A Sandy Community Still in Distress, Part II

By Synnove Bakke | The Save Jersey Blog

booker
Sen Corey Booker, Rep. Frank Pallone, Asm. Rob Clifton and Mayor Owen Henry speak with affected residents in Laurence Harbor.

Finally, almost two whole years later, there may finally be some relief in sight for residents in Cliffwood Way, Laurence Harbor. I wrote about this small devastated neighborhood when I found it by accident in April of this year. 

Click here to read my original report if you missed it, Save Jerseyans.

Last time visited alone. This time, through my work with Assemblyman Rob Clifton, I was fortunate to be able to attend a walk-through of the neighborhood with Senator Cory Booker, Rep Frank Pallone, Old Bridge Mayor Owen Henry, the town administrator Chris Marion, OEM coordinator, Dominic Cicio, councilmen Butler and Mollis, and Freeholder Charles Kenney.

Back in April, I spoke with 3 homeowners upon arriving in the devastated, almost post-apocalyptic looking  neighborhood. It looks even worse than last time believe it or not, because now there are weeds taking over everywhere after months of abandonment by frustrated property owners. Amazingly, many homeowners had to simply walk away from their houses for lack of assistance or due to the slow pace of aid, something that’s hard for most of us to fathom.

Gary Soma, who saw his house completely condemned, showed Assemblyman Clifton and Congressman Pallone the inside of his house. They were amazed at how high the water level got during Sandy, and were fascinated and horrified in equal measure as Gary explained how he watched a boat flow into his basement during the storm.

I also spoke with a sweet elderly lady whose house is located two houses from Gary’s, and she suffered much of the same damage. Her story was positively heartbreaking. She and her daughter told me that they had to move from the house she loved so much into senior housing; she complains that her apartment is dark and gloomy. What she misses most is having her own house and a garden to care for. As if that wasn’t bad enough, this brave senior took a fall and broke her shoulder so, obviously, all of the medical issues were exacting an extra toll on her during this difficult passage.

It didn’t get any better as we continued our tour. Another lady relayed how she lost not only her house, but also her beautiful paid-off car during Sandy and, two weeks later, signed onto an expensive lease since she severely distressed and didn’t know if she’d be able to afford buying another car. She regrets her decision to this day.

The silver-lining? Residents were able to directly speak with officials and tell them their stories, an experience which made some visibly happy after having felt neglected for so long.

The town Administrator, Chris Marion, told me that all of these Sandy victims now have case managers and things are moving faster. Additionally, he believes they may have a buyout option by the end of September. It’s been a long road for the Mayor and local officials to get to this point. When speaking with them, I could see how much they care for Old Bridge and its residents.

Due to the long wait and uncertainty about a buyout, two homeowners have decided to forge ahead and rebuild their houses so there are now three lone houses sitting on stilts. One of those who decided to rebuild instead of waiting had owned two properties. If the buyouts do really happen, then these three homes will be the only houses standing in a neighborhood that once had 25 houses since, once a buyout happens, the state knocks down the structures and the land returns to a natural state pending further action.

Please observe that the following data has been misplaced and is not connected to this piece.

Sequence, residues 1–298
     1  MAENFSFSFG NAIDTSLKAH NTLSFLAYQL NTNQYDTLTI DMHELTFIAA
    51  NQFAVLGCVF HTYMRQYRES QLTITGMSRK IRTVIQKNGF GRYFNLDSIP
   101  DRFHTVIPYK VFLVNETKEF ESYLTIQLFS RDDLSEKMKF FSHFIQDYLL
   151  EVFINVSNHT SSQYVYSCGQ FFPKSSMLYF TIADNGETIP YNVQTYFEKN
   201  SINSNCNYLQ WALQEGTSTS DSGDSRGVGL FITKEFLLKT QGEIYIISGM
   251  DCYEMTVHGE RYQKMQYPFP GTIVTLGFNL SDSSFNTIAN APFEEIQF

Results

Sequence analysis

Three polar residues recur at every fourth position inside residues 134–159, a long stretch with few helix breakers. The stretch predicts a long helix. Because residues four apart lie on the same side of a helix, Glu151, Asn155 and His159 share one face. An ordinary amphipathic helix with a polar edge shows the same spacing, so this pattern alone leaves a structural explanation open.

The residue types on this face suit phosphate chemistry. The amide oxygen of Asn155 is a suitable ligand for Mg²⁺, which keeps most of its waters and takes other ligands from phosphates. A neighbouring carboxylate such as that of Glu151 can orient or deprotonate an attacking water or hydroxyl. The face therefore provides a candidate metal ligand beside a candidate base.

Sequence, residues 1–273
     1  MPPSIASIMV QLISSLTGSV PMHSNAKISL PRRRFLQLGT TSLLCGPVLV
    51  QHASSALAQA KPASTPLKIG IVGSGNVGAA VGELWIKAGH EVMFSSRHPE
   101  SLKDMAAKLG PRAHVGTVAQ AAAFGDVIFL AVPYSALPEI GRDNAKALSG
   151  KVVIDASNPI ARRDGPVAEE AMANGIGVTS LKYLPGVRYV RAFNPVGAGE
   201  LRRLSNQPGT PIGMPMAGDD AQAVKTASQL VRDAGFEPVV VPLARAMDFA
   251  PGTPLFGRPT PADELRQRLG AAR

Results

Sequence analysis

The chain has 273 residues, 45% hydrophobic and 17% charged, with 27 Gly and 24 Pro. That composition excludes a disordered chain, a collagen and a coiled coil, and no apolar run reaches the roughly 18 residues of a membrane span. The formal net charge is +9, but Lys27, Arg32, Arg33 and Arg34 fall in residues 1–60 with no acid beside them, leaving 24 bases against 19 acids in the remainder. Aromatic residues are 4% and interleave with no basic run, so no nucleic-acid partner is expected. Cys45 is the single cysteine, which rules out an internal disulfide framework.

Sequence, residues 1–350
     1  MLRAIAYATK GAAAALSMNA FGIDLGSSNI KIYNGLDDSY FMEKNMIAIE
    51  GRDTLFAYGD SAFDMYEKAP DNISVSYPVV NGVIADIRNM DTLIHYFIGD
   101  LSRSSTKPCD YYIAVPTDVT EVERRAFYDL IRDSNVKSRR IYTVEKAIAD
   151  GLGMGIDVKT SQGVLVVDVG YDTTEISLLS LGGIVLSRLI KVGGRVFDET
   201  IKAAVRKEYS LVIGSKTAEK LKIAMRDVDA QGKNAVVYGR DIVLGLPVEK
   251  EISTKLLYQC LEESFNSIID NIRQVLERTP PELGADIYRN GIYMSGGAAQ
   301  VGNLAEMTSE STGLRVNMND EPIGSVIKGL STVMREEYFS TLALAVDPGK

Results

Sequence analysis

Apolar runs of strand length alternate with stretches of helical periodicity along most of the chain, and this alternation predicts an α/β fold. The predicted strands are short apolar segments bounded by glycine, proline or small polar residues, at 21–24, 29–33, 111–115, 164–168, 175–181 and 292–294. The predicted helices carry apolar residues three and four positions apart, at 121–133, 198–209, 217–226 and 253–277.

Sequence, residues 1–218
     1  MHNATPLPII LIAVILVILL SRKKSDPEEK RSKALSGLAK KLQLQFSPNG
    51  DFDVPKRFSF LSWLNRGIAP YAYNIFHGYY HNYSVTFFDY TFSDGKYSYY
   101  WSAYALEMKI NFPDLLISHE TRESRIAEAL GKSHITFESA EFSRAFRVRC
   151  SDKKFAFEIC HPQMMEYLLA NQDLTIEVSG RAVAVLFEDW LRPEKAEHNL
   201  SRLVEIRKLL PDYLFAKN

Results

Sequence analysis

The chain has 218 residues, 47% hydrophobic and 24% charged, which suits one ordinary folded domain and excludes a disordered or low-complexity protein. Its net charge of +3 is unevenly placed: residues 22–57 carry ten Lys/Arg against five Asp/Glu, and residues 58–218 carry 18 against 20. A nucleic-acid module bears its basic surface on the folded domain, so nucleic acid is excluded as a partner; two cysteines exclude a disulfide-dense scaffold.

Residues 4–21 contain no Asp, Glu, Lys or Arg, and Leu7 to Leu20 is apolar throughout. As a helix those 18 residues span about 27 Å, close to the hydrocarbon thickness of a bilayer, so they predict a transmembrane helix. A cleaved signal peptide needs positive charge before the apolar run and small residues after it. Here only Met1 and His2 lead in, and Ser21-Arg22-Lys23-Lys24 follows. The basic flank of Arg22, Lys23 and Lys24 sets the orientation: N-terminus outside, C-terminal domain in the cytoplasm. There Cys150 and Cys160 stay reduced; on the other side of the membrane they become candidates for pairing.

After a tour of the neighborhood led by our “tour guide” and homeowner, Gary, the large group of public officials walked down a path to see the new boardwalk. I was amazed at how great it looked.

At least one resident of this storm-battered neighborhood questions what that says about the government’s priorities. Ever-brutally honest, Gary explained Senator Booker how his son had bought him a T-shirt last year with the quote “F*** the Boardwalk, What about my house?” printed on it. Gary said he is going to frame it.

We all laughed, because he’s a funny guy, but it’s truly a sad truth in many shore towns after Sandy.

The tour ended at the Bait & Tackle shop where our group visited with the owner. I looked back at the beach, the playground and the boardwalk and felt amazed at the changes since I was here last, as well as the lack of change, too. It’s a beautiful oceanfront again and, despite all the sadness some went through and are still fighting through, at least many local families have a place to gather and enjoy the Shore has they had before. I was happy to learn that the township is hosting a firework display on the beach next Saturday night.

I had hoped this would be my last article about Cliffwood Way in Laurence Harbor right before the tour began, Save Jerseyans, but since the buyout hasn’t happened yet, and given everything that I saw, you can be that we will stay in touch with the homeowners and update Save Jerseyans again in October around the two-year anniversary of Sandy. Old Bridge hasn’t forgotten so neither will we.

 

2 thoughts on “A Sandy Community Still in Distress, Part II

  1. It’s very sad that the media and politicians keep focusing on these areas that were not even in Sandys direct path. Little egg harbor was ground zero, sandy made landfall in little egg harbor. It’s still really bad here and no one ever acknowledged that. I’m so sick of seeing these areas lesser impacted getting all the attention.

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